Balachandar turned director soon and filmed his hit plays like ``Neer Kumizhi" (1965) "Naanal" (1965) and ``Ethir Neechal" (1968) and Sundararajan played major roles in them all. One of the hit plays was ``Major Chandrakanth." In this off-beat play the main protagonist is a retired blind army major who gives asylum to a young man unaware of the shocking fact that the man had killed his son! Sundararajan excelled in the title role of the blind army officer, which won him immense fame and name. More than anything else, the title became a permanent prefix to his name. The play was filmed in 1966 with Sundararajan repeating the role with success.

With his characteristic style of delivering dialogue and emoting with power Sundararajan acquired a large body of fans especially among the educated and cultured class of moviegoers. He acted in many films with the legend Sivaji Ganesan and the two in fact became inseparable companions. Indeed he was there in almost every Sivaji movie. He proved equal to the thespian in many movies and sometimes in some scenes he even scored over him! Some of his memorable movies with Sivaji Ganesan are ``Uyarntha Manithan" (1968) and ``Gnana Oli" (1972, a successful re-hash of the celebrated Victor Hugo immortal novel, ``Les Miserables"). Major's other movies worthy of mention include, ``Vennira Aadai" (1965, directed by Sridhar) ``Bhama Vijayam" (1967, K. Balachandar) and ``Theyn Mazhai" (1966, Muktha V. Srinivasan). Major acted with MGR in many movies, with Gemini Ganesh and other heroes. Major launched his own drama troupe and staged plays like ``Kal Thoon" which he later made into a movie in 1981. Regretfully his attempts at film production landed him in more problems than profits, and he learned the bitter truth that in the world of movies values like gratitude, sincerity and real friendship were unknown.

Major had the astonishing talent of delivering long passages of even jaw-breaking Tamil in an effective manner without imitating others like Sivaji Ganesan. An English movie buff he absorbed by mental osmosis the finer points of screen acting, which he put to good use in the portrayal of his Tamil film roles.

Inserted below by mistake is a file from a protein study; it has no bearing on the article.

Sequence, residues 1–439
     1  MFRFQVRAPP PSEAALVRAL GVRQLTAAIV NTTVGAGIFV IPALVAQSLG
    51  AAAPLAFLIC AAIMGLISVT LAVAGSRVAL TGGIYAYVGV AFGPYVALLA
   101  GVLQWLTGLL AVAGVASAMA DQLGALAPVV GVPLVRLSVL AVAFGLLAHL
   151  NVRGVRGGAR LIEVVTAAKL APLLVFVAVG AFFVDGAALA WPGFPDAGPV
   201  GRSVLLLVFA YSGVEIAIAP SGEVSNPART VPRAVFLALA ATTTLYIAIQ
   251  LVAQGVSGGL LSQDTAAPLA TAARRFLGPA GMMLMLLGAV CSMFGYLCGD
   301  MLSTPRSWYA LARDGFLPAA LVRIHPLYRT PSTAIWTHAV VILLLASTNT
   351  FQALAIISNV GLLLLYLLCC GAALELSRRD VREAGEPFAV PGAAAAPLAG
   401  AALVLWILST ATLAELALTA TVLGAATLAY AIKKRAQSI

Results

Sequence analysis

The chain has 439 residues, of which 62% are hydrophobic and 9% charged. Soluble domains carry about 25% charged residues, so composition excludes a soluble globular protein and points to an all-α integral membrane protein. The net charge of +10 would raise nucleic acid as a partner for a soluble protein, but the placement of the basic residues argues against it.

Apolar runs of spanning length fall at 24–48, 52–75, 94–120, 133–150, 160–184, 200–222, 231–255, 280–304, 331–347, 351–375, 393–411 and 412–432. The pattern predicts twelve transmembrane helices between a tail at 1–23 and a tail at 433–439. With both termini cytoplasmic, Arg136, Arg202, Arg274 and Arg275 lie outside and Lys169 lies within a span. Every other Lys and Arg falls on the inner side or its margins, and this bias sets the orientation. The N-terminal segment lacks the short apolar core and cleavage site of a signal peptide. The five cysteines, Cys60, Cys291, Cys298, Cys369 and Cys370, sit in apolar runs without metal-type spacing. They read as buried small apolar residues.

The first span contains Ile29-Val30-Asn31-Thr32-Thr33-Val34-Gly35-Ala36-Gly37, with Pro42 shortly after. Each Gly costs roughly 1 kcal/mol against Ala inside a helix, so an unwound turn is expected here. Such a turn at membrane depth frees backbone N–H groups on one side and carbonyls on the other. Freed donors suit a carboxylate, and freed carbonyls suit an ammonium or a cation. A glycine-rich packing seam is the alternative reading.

This writer introduced Major to Sponsored Television Serials in mid-1980s and had the pleasure of directing him both on the big and small screens and was amazed by his talent to adapt himself to the small screen and also to the characters he portrayed... A sample of his brilliance as actor... in the award-winner Tamil movie ``Engalalum Mudiyum" (1983, directed by the noted multi-lingual filmmaker Tatineni Prakasha Rao, and written by this writer who also directed parts of the film) loops for the `dubbing' of dialogue were cut by an editor who did not know a word of Tamil!

Consequently most of the loops were more than 300-400 feet long. `Reels not loops!' Major wisecracked.) This writer offered to have the 380 feet-long loop cut into small bits but Major refused the offer. And he spoke the loop in a single `take' pausing at the right places and investing the passage with voice inflections and giving the necessary colour of emotions that the scene needed!

Major was an entrancing conversationalist with an inexhaustible fund of anecdotes about Madras film folks, interesting, hilarious and some of them unprintable! He loved life and did not permit tensions to upset him. Advancing years and problems of health and film production slowed him down considerably and he began to move away from active acting.

His innumerable friends in many walks of life besides cinema will miss him. The only consolation is that they will see him in his movies. Here was a rare Major, when comes another... !